} Esther in the Canon of Holy Scripture.

THE Jews and THE Christians is a bit exaggerated, eh?
Some have debated it, that is true, but that doesn't warrant
the generalization that all of them "in general" have been
unhappy. After all, given that it is included shows the
consensus of its canonical status was finally reached.

Discussing reasons why it should be canonical lead too far
afield and are too irrelevant for the purpose of SRI.

} A few conclusions can be immediately drawn:

...

} Now it is obvious that the book of Esther can not be trusted as a book
} revealed by God since it has no mention of the God, the Most High.

"since it has no mention of the God"?
Who says that God HAS TO always talk about himself?
Strange reasoning.

} The
} nature of its contents are dubious. Some scholars doubt about its
} authenticity.

Some scholars have also many and substantial doubts about the
Qur'an. Is everything to be made subject to "some scholars'
opinion"? You want me to quote some dubious Qur'anic content
to put the whole issue in some perspective?

} Using this dubious book, Christian missionaries are calling
} Haman as a contradiction in the Qur'an!

} So, the book of Esther is something which cannot be used as a useful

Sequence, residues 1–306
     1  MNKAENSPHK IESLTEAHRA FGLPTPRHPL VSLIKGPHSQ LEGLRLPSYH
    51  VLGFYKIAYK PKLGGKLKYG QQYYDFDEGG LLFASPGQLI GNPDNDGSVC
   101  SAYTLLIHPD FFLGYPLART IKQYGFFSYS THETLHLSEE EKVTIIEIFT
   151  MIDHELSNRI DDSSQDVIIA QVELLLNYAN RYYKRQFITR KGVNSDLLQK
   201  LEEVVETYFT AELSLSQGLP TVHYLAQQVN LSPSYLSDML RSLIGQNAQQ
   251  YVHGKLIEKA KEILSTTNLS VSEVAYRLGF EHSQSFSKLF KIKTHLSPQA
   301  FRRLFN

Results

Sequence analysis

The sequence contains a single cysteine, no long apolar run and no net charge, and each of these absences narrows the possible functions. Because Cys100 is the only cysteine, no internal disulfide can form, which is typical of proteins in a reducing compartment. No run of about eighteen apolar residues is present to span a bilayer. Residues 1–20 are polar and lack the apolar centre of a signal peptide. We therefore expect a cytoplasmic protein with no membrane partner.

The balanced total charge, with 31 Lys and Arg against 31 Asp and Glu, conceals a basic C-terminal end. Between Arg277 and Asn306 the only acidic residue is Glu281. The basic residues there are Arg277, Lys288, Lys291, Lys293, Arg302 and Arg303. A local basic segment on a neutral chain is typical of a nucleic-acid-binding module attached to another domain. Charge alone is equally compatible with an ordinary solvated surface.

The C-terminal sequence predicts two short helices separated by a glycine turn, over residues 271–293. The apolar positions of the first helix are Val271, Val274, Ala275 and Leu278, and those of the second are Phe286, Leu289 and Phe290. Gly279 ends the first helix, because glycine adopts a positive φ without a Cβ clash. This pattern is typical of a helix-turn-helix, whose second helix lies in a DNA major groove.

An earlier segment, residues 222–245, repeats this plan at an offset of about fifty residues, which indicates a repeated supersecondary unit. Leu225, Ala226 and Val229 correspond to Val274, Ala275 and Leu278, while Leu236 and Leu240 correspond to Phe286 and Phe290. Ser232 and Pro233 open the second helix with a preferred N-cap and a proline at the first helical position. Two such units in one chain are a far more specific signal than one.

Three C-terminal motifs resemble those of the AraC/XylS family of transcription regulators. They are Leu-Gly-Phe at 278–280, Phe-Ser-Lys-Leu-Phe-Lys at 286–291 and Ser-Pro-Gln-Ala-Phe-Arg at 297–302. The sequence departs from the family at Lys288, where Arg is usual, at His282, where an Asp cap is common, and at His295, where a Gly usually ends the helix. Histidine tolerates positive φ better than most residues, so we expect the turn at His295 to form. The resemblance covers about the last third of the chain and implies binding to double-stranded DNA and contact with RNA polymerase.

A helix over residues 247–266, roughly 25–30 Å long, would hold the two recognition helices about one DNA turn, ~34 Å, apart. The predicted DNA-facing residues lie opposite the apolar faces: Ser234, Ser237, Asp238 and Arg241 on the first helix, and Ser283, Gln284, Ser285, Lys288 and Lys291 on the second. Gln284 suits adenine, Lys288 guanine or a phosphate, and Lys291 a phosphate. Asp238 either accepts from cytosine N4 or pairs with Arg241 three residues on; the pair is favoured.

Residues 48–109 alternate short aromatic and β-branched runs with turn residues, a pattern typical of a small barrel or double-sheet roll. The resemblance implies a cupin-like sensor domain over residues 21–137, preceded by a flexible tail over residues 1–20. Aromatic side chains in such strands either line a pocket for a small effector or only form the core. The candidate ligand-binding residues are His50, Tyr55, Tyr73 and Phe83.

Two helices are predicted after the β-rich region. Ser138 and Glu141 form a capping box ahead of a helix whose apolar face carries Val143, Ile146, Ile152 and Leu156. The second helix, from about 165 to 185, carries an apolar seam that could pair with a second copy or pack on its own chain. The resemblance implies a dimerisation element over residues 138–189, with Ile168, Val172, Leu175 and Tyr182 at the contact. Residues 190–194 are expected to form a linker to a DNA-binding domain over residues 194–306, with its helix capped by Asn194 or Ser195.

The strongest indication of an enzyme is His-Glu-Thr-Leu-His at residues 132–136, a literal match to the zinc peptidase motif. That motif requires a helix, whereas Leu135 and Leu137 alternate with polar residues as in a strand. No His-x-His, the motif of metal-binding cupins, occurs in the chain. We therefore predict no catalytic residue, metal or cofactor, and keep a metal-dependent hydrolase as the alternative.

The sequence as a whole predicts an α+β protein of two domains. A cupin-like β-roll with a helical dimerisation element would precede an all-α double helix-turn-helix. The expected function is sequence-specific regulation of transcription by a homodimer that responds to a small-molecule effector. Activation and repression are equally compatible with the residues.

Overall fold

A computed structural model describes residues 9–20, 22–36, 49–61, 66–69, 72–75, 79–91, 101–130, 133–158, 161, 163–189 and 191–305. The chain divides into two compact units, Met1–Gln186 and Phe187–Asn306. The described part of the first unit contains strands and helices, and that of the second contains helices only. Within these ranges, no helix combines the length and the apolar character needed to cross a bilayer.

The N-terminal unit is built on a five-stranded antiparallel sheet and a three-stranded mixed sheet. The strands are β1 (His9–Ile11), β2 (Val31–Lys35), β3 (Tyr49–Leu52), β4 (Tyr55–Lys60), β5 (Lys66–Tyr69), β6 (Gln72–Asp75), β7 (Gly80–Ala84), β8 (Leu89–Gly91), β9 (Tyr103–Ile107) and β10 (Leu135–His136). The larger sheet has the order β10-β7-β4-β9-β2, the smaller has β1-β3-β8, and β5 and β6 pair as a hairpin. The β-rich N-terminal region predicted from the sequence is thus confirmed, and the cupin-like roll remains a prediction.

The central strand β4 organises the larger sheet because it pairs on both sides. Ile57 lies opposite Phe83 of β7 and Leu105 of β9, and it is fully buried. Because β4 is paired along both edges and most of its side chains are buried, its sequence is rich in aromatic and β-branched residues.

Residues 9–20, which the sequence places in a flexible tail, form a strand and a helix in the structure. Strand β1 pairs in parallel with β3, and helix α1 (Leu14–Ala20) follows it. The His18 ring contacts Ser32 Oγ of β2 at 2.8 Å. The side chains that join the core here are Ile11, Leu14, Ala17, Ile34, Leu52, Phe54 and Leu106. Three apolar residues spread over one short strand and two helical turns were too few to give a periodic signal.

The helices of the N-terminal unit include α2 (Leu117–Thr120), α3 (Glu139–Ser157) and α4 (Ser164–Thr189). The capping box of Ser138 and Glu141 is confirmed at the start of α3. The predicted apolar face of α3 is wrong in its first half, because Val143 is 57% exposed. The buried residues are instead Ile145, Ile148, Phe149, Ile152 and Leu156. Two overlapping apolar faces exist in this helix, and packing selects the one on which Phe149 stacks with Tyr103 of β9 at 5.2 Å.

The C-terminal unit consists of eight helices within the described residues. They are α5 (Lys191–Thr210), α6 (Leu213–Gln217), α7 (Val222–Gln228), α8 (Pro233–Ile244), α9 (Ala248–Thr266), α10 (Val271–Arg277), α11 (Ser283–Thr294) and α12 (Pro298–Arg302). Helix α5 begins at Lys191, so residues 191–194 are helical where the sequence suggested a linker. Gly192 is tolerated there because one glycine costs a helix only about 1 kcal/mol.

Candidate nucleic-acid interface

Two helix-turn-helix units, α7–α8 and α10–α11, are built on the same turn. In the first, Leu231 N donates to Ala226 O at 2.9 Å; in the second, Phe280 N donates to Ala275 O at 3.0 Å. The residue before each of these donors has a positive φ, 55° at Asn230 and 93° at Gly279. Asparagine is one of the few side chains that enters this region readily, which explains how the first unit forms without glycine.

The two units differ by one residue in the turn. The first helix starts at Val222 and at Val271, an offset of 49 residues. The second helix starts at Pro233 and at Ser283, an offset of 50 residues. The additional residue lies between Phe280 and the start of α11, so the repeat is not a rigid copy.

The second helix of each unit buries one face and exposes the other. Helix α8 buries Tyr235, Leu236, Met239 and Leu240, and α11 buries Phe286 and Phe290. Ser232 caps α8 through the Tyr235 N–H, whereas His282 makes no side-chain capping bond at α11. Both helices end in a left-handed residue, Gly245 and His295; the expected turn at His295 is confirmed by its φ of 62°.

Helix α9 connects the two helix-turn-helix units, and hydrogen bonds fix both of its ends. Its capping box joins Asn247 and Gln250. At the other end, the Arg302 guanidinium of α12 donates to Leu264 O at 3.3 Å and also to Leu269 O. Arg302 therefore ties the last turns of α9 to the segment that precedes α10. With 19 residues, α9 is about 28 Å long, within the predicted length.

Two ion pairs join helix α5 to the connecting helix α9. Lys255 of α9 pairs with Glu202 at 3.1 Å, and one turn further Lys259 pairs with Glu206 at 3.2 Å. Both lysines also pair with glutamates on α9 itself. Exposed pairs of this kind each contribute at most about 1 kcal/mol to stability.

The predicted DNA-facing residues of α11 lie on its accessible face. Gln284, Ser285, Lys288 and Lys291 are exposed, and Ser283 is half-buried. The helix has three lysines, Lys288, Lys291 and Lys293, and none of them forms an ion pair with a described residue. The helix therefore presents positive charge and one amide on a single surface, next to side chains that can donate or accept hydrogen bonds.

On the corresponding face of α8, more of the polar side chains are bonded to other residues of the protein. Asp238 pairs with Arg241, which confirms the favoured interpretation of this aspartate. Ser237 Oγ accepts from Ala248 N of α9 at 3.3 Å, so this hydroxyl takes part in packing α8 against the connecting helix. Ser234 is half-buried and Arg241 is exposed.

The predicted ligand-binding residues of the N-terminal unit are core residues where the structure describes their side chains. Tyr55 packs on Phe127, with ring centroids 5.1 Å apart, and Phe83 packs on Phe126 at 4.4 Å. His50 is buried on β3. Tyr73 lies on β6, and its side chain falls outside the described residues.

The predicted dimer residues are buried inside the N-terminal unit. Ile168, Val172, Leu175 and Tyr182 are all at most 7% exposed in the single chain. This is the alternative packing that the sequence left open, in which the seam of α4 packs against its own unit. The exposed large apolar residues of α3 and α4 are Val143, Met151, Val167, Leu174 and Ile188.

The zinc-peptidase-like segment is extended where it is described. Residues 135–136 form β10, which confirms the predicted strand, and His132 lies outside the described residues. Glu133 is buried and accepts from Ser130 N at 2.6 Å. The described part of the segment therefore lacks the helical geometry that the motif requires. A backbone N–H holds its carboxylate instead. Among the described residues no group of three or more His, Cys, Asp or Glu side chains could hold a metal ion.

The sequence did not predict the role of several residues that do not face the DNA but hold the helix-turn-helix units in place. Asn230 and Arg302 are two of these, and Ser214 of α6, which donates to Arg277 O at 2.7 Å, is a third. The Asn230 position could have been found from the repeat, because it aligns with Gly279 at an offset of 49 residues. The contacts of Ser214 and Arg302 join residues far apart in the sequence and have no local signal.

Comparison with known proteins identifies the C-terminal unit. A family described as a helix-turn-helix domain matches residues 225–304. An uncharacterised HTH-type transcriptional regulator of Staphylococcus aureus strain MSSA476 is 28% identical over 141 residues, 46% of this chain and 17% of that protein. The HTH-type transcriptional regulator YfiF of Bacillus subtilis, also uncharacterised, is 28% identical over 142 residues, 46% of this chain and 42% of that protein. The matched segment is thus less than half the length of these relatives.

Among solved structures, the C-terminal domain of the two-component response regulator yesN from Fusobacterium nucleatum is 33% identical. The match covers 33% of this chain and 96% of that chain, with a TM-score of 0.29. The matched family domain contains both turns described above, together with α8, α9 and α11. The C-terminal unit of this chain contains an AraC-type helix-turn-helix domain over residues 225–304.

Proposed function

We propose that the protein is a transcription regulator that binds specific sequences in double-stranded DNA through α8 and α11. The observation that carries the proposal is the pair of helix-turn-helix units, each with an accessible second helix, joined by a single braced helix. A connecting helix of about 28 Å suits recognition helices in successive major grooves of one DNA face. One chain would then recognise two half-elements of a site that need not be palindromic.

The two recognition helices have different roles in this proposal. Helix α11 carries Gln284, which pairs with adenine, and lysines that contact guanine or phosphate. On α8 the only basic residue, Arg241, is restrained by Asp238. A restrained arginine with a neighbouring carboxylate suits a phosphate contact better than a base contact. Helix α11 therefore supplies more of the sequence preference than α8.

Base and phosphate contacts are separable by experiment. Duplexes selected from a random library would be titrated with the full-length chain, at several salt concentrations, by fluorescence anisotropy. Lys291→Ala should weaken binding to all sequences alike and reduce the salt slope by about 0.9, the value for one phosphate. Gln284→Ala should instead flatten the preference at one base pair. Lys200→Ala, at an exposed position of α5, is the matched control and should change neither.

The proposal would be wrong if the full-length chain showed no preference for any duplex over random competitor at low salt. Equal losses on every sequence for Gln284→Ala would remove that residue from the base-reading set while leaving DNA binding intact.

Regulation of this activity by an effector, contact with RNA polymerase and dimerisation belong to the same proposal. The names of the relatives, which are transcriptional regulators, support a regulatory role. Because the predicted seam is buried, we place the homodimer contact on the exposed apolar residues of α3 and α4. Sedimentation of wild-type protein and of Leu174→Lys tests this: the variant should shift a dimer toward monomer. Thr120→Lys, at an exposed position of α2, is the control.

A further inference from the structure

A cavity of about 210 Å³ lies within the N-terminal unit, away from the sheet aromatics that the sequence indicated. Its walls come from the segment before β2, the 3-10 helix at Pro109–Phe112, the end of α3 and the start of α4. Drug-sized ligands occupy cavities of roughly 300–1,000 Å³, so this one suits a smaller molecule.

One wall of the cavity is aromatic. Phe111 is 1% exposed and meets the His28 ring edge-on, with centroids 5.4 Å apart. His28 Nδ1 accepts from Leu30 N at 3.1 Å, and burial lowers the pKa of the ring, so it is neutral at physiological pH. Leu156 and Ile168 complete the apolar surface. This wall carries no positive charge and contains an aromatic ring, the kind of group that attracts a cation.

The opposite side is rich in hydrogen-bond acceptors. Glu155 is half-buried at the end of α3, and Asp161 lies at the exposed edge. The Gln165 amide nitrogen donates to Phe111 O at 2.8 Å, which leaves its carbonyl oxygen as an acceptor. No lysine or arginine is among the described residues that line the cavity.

} document of history, either Babylonian or Egyptian.

Wow. Listen to yourself.

EVEN if one would not consider it revelation, that doesn't mean
it cannot be a useful document from history. That is your main
fallacy.

Nearly all the sources of history we have are not considered any
god's revelation. Something can very well be of great historical
value without being revelation. I happen to accept the canon of
scripture as it is, so it is also inspired scripture for me, but
you are making an enormous jump of logic here which is plain wrong.

But I understand that you try to established "dubiousity" of the
book that could potentially make the Qur'an even more dubious.
That motivation is obvious. And it is fine. Everyone does the same.

But, would you like to take out basically everything that you
said in this posting because you refered to "historical" sources
which were not revelations at the same time? Books by linguists,
egyptologists, surgeons, ... ?